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Season 01, Episode 09

Why You Should Document What You Do

With guest, Michael E. Gerber, author of The E-Myth.
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Inc. Magazine calls him “the World’s #1 Small Business Guru” — the entrepreneurial and small business thought leader who has impacted the lives of millions of small business owners and hundreds of thousands of companies worldwide for over 40 years. Michael E. Gerber is the author of the NY Times mega-bestseller, for two consecutive decades, "The E-Myth Revisited" and nine other worldwide best-selling E-Myth books concerning small business entrepreneurship, leadership, and management. Additionally, Michael E. Gerber has written 19 industry-specific E-Myth Vertical books. His mission is "to transform the state of small business worldwide™."

In this episode, we talk about the landscape of operations manuals, the 4 distinct personalities that drive the entrepreneur, the small business model of McDonald's, and more.

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Full Transcript

Chris: Hey everyone, I'm Chris Ronzio, founder and CEO of Trainual and this is Process Makes Perfect. As always, we're talking with experts in process creation, automation and delegation. And today, in this very special episode we have with us, Michael E. Gerber, Michael is the founder and the author of the E-Myth and creator of E-Myth Worldwide. Now, Michael has been in the game for 30 years or so, and if you've heard any of those clichés about work more on your business than in your business, that originated with this book, one of the most foundational books for me. So I'm thrilled to be talking with Michael and I hope you enjoy this episode. 

Chris: When you started doing the research for the E-Myth and you were working with small business owners, what did the landscape of operations manuals look like? Is it something people did?

Michael: Oh, you've got to understand. And when I did in quotes, the research for E-Myth, I didn't do research for E-Myth. I started consulting with a small business and then another one and then another one, and then another one. And the revelation came to me that effectively there was no business there. There was just a guy, a lady doing it, doing it, doing it, busy, busy, busy, busy. The thought of an operations manual in 1977 when I started this thing, if I were to say that to a small business owner, they would've looked at me like I was a lunatic, and they did, because I didn’t think operations manual. That was an evolutionary frame despite the fact that if you are in a large corporation and IBM of course there were operations manuals, but that was so far beyond the experience of being in a small business.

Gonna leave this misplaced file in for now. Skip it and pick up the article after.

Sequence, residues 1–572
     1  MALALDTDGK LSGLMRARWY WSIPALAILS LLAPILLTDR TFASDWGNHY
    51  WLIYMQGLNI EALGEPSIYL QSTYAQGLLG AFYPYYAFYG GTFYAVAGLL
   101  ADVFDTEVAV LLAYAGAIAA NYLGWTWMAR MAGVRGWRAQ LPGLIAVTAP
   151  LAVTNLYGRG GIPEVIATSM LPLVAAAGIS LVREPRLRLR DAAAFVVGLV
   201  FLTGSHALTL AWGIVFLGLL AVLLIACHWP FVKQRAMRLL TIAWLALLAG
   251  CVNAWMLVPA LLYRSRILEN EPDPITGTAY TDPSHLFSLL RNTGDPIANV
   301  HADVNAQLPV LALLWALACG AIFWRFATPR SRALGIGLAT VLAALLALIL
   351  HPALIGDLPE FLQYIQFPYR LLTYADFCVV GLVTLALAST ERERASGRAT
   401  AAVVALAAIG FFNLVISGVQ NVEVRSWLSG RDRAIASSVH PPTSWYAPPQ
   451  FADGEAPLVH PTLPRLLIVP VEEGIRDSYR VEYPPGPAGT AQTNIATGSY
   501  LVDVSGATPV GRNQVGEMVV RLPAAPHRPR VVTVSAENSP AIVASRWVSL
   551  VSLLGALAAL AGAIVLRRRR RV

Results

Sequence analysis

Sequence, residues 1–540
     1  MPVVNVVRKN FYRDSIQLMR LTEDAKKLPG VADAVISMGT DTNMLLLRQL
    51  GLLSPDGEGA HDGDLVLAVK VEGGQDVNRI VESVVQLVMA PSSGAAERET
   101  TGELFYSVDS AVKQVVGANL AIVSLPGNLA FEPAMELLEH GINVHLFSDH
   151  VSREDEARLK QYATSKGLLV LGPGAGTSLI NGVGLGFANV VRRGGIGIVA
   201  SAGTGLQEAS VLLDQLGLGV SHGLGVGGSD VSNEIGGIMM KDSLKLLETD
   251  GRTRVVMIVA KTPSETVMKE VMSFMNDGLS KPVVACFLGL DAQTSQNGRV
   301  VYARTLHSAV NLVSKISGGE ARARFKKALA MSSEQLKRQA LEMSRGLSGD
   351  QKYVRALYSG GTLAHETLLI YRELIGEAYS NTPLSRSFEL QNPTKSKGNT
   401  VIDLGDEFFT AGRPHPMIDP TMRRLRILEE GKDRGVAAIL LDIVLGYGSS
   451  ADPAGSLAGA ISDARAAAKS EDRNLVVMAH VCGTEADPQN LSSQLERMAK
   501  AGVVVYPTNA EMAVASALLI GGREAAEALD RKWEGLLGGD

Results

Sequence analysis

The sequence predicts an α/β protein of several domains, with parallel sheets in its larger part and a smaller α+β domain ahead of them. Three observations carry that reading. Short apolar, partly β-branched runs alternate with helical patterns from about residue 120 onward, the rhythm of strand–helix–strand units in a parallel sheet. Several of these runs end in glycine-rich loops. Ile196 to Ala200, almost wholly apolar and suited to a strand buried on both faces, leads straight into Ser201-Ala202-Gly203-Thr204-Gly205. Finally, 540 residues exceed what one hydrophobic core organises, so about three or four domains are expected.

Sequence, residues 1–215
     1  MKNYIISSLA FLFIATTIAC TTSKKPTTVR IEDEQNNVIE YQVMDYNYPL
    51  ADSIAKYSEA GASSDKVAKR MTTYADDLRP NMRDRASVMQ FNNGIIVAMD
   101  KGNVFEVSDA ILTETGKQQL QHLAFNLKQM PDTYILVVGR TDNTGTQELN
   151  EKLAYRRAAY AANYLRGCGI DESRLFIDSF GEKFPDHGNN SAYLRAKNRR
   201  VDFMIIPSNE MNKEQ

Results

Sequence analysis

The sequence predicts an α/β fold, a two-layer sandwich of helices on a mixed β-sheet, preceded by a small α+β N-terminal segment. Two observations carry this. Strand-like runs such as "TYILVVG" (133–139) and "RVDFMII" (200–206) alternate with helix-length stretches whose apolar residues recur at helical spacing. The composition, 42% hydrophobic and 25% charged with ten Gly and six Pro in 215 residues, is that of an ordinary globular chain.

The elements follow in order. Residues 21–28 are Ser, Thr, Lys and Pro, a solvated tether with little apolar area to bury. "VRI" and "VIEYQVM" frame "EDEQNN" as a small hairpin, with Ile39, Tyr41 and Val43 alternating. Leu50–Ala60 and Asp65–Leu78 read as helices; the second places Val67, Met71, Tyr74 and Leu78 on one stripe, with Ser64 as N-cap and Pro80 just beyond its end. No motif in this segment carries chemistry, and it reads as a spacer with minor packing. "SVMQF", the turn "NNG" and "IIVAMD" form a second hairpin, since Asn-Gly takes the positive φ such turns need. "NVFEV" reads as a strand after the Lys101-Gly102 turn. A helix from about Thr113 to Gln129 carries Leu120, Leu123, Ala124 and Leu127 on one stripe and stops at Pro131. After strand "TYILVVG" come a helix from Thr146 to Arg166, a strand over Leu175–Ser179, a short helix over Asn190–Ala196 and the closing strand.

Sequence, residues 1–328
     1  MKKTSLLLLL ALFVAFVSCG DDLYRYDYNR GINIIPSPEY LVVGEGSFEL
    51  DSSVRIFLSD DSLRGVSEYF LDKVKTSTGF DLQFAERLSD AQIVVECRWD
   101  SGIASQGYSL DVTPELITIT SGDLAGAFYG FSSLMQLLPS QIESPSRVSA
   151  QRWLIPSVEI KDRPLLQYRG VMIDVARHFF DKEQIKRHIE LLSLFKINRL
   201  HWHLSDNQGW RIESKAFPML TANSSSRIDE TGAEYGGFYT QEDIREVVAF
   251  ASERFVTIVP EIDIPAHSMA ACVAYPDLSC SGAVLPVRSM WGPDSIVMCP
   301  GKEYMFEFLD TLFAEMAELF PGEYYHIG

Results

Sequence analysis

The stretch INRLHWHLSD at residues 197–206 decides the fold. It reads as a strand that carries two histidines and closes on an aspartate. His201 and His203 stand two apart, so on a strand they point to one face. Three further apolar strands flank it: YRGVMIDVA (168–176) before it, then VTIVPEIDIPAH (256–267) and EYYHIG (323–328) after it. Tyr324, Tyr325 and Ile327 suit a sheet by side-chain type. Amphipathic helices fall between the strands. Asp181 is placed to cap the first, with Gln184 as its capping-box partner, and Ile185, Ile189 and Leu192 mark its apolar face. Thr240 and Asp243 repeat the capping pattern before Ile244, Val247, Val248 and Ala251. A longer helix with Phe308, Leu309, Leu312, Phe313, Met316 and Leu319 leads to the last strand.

Michael: It was a job. You know, if somebody starts his kitchen and starts making food and doing it, doing it, doing it and busy, busy, busy and people come in their customers and then you needed a waitress and then and on and on and on. 

Chris: Okay, so they didn't exist, at least not for the small business. Maybe for the enterprise companies or our franchises at that time. I know you talked about the franchise prototype, but it was totally foreign for a small business except. So this, this idea that you had that an entrepreneur is really three different people is the whole center of the book, right? That we are kind of all a schizophrenic when it comes to our business and we've got these different personalities and profiles. So how do you balance the time that you focus on each of those different personalities to make the company successful?

Michael: Well, you don't think about balancing your time on each of those personalities, and I want to make a correction. I didn't say that the entrepreneur was three different people. I said the small business owner was three different people. The small business owner was an entrepreneur, a manager and a technician. There’s very little time spent as an entrepreneur, a little bit more time spent as a manager, but the bulk of their time spent as a technician, which I call doing it, doing it, doing it, busy, busy, busy, busy, doing the work that needed to be done. And the work comes up and you get up and you do it or you don't. And that's how it is. That's the experience of being a small business owner. You have the work comes up, you can do it. There's no order to it all. So the disorder that I came face to face with was so offensive to me – understand offensive, not because I was in living in some higher plane – but understanding I was called to find a solution to the problems these people were having.